StanChart Recommends Buying March 2015 Sugar Futures on ShortageIsis Almeida
Standard Chartered Plc recommended buying sugar futures for March 2015 delivery as dry weather in top producer Brazil threatens to cut output, potentially tipping the market into the first shortage in five years.
Global supplies may fall short of demand by 1 million metric tons in the 2014-15 season that starts in October in most countries, the bank said in a report e-mailed today. That follows four consecutive years of surpluses. Traders should buy futures for March 2015 delivery, currently trading at 18.39 cents a pound, targeting a gain to 22 cents, and selling the sweetener if prices fall to 16 cents, according to the report.
“Consumption could outstrip production in the coming season, leading to a draw down in inventories that were built up over four consecutive years,” said Abah Ofon, a Singapore-based analyst at the bank. “Current weather concerns and their potential to dent production in 2014-15 reinforce our view that price risks in the second half of 2014 are to the upside.”
Raw sugar futures traded on ICE Futures U.S. in New York rose 14 percent in February, the biggest monthly gain since June 2011. Prices rallied as drier-than-usual weather in Brazil’s center south, the country’s main growing region, threatens to reduce this year’s crop that starts next month. Temperatures in Sao Paulo state reached the highest in 10 years in January and February, according to Standard Chartered.
India, the world’s second-biggest producer, and Thailand, the second-largest exporter, are also experiencing dry weather, which could cut global supplies further, Ofon said. The potential for the development of an El Nino weather pattern could also reduced output. In 2009, India’s monsoon was “adversely affected” by an El Nino, spurring a drop in output of more than 40 percent and triggering a price rally, he said.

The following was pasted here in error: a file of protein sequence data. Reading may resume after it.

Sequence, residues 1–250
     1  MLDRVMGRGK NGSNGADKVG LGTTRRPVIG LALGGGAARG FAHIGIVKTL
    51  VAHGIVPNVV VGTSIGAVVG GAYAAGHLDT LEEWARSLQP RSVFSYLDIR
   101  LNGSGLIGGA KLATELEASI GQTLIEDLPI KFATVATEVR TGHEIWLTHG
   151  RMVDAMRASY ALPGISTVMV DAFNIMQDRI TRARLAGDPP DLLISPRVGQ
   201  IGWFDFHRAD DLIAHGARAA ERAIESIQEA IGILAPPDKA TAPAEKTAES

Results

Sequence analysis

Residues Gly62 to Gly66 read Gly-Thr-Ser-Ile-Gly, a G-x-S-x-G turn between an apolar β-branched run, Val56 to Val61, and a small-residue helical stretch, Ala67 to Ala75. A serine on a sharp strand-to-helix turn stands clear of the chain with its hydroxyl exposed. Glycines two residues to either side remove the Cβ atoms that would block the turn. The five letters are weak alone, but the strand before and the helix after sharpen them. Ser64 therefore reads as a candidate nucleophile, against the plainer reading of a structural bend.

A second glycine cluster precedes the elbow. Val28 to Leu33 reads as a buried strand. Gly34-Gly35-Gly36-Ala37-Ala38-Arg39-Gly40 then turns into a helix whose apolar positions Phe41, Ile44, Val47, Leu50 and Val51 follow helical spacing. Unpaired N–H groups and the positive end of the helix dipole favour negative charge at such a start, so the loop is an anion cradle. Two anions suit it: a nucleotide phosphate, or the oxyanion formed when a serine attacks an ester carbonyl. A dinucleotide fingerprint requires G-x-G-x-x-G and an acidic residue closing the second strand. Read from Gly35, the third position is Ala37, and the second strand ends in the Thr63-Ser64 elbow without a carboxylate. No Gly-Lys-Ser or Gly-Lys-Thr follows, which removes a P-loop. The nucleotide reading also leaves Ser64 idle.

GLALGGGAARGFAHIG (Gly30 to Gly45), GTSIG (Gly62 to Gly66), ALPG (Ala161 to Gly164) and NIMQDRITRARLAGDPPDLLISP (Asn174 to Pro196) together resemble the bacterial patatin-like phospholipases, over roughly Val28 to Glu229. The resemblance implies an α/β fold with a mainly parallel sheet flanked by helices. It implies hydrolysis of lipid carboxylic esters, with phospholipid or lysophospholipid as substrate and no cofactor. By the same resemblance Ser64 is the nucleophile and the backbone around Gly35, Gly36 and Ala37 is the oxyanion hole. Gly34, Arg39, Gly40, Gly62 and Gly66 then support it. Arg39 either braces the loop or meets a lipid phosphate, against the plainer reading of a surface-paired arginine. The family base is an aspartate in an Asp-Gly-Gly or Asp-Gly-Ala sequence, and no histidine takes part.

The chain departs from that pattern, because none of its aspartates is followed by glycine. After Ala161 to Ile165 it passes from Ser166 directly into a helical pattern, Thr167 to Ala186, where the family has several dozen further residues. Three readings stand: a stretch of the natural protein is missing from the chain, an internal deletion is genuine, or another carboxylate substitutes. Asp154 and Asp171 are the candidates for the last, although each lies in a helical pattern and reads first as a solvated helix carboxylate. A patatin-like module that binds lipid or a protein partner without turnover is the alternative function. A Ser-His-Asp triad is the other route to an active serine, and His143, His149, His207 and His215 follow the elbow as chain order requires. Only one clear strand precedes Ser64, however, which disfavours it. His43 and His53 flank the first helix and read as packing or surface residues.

“We remain deeply concerned about the potential for a relatively weak 2014-15 harvest in Brazil, which coupled with dry weather conditions in India and Thailand, could collectively create a deficit,” Ofon said. “High sugar-production costs in Brazil and a smaller exportable surplus in India going into the 2014-15 season suggest limited downside for prices.”
While prices may still fall for now on ample supplies, the bank maintains a bullish stance for the second half of the year, according to the report. Prices will average 16.5 cents a pound in the first quarter and 17 cents a pound in the following three months, down from a previous forecast of 18 cents and 19 cents respectively, Ofon forecasts. Futures will then rise to 20 cents a pound in the second half of the year and to 24 cents a pound in 2015, he said.